Monday, July 15, 2013


In a way you can have almost too many books. That happens when you run out of shelves to put them on. 

For the older reader with gimpy knees the internet is a blessing when you’re shopping for used books. And I live in a college town. The biggest used book store runs heavily to books used for the local universities and community college. And you have to hope that somebody in the area sold off the book you’re looking for. And I’ve never had much luck in that department.

For example. Back in the late ‘70’s Franco Zefferelli did a mini series on Jesus of Nazareth with English novelist Anthony Burgess doing the script. Afterwards Burgess expanded the screenplay into a novel. A respectful but rather irreverent at times novel. The local library had a copy, for awhile. It mysteriously disappeared. No record of it being checked out or discarded. Just gone. Can’t imagine why. Finally managed to find a copy on the net. Eugene’s rep for liberalism only goes so far.

The net is good for finding decent used hard back copies of some books that I originally purchased in standard paperback volumes. Often for less than I paid for the paperbacks. Darned arthritis. Makes it hard to deal with the paperbacks. Especially the older ones that had really narrow margins. Once you get to the middle of Stone’s The Agony and the Ecstasy you’re beginning to really sympathize with Michelangelo in more ways than one. And we won’t mention the tiny print. Bifocals really are a blessing.

I usually use either Amazon or Alibris. Both act as a hub for used bookstores. Some as far away as Australia. And shipping is usually a standard price if you don’t mind waiting awhile. The sellers list a price and the condition of the book. They’re usually pretty accurate. Just remember that if you finally find that copy of the book you bought back in the eighties loaned out and never got back that the description “good” might just mean “pretty good considering the blessed thing is older than three of my nephews.”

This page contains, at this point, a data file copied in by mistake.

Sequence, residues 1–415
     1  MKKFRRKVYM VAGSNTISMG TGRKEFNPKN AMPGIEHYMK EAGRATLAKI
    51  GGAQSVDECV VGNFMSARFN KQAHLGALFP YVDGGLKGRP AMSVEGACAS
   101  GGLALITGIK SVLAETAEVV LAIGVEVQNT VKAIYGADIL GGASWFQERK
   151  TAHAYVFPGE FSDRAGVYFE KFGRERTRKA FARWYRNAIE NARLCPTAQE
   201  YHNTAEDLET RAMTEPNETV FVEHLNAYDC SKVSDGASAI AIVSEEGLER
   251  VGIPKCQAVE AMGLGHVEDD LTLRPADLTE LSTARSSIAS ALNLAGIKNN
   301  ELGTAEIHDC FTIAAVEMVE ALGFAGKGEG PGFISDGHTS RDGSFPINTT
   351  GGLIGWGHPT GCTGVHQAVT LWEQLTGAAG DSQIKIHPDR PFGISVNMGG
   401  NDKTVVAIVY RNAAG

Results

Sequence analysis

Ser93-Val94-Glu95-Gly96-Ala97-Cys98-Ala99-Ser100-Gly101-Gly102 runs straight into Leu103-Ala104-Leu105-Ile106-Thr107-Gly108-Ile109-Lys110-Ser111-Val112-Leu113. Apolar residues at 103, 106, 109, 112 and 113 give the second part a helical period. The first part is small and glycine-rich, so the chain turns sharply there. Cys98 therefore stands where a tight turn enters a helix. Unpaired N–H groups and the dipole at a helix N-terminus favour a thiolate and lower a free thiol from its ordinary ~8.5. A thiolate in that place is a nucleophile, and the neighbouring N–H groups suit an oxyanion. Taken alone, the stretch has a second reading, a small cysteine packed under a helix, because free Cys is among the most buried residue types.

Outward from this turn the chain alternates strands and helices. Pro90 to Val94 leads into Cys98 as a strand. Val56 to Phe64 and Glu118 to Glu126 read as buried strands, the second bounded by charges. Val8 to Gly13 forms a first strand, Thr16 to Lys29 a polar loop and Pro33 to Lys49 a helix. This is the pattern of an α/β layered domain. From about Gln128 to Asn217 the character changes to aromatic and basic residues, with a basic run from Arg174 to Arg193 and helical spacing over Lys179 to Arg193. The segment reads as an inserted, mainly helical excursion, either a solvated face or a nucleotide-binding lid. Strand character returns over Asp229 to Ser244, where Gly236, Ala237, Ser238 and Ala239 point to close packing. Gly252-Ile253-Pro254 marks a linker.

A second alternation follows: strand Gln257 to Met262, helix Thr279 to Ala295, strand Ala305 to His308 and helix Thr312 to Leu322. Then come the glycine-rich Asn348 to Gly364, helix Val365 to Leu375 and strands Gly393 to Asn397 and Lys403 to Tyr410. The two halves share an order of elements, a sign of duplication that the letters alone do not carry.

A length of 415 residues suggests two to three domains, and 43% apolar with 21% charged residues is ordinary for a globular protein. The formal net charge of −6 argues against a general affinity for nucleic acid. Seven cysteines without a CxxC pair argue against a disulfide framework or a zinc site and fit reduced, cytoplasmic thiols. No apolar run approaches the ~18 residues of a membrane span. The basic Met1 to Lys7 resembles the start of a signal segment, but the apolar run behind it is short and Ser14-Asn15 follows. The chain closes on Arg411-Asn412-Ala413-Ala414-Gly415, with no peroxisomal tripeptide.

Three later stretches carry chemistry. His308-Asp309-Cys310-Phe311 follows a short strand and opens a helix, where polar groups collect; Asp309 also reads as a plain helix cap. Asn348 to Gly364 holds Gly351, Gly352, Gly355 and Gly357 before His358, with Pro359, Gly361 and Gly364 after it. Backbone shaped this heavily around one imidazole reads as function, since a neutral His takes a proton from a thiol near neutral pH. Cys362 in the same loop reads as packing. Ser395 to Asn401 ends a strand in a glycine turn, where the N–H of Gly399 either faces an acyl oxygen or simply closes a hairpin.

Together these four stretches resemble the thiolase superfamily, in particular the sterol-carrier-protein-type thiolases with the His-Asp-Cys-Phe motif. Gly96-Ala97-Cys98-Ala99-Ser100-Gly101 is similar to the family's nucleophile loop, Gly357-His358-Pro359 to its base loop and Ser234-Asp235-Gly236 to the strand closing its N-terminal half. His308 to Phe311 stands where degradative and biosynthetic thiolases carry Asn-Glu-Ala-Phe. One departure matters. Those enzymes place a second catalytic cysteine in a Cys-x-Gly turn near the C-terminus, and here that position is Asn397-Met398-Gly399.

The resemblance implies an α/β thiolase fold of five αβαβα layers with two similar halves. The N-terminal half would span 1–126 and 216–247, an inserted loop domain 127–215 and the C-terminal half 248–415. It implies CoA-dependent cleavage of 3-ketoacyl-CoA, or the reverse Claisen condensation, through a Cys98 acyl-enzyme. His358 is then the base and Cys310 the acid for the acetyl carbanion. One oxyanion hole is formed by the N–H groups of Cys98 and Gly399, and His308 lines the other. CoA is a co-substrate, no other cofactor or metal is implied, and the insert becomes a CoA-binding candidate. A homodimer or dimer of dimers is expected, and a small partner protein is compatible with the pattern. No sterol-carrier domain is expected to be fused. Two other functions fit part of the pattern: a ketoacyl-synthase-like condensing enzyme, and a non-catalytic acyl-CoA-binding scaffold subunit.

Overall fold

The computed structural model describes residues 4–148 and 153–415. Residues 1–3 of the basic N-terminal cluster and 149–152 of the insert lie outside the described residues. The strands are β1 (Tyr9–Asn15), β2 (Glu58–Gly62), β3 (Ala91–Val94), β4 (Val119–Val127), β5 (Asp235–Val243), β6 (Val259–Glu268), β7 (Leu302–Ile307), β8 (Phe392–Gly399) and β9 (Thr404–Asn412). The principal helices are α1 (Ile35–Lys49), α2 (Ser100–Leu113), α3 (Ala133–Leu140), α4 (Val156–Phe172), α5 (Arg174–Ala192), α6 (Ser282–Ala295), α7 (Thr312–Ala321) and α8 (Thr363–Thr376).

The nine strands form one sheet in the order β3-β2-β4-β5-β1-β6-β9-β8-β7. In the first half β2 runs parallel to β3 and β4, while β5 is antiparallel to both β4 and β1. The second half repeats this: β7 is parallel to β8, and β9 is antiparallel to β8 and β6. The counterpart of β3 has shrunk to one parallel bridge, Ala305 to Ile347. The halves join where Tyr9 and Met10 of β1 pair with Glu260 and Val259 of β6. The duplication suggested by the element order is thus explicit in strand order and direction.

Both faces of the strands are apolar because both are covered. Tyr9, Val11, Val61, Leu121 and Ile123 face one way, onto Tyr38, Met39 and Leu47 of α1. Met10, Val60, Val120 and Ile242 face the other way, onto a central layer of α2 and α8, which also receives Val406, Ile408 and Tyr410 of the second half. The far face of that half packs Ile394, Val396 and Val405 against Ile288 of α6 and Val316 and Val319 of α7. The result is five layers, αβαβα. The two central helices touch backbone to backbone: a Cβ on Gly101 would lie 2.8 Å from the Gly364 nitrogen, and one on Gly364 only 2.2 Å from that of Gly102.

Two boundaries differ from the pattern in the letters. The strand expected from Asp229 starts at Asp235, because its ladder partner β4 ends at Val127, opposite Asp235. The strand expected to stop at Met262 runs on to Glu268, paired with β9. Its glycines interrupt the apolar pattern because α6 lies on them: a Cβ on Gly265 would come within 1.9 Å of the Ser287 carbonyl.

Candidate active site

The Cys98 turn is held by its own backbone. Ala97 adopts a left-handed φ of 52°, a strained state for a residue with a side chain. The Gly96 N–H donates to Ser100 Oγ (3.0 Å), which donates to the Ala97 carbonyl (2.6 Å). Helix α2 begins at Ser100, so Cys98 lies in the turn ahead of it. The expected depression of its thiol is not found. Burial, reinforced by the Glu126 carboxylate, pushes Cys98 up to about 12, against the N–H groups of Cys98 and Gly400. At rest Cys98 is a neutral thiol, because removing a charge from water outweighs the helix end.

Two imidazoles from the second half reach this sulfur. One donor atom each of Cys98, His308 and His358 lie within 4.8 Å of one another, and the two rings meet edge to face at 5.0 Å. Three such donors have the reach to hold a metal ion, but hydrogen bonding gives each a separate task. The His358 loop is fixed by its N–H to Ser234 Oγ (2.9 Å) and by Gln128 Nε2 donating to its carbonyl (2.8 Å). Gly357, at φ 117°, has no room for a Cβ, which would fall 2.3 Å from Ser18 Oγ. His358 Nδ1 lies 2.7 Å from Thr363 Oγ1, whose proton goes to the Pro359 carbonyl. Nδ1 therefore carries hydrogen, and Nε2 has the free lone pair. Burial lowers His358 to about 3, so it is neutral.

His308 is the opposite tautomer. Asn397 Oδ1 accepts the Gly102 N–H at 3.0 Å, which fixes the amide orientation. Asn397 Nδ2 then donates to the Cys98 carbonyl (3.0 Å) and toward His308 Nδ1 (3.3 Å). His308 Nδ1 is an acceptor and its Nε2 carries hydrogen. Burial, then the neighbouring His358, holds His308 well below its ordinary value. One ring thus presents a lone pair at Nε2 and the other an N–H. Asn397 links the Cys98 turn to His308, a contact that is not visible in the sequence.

There are some books I wish could talk. My copy of Twelve O’clock High was apparently a gift to an American serving in Bosnia back in the nineties. Apparently he came home via Australia and unloaded the book there. Somebody did anyway. Book went around the world by the time it came to me. Some have beautiful bookplates in the front. Some have a name and phone number. Some have been bounced around a bit but the pages are in good shape. The words aren’t going anywhere and scrapbooking tape mends the ravages of time.

Some folks wouldn’t dream of dog earring a page to mark your place. And I’ve got a copy of Bowden’s Killing the Hidden Waters with extensive underlining and lots of margin notes. Careful underlining and neatly written thoughtful notes. Their handwriting is a heck of a lot better than mine.

And I don’t remember the name of the bookstore but their motto was along the lines of “buy a book someone else loved and save a tree.” Amen.

No comments: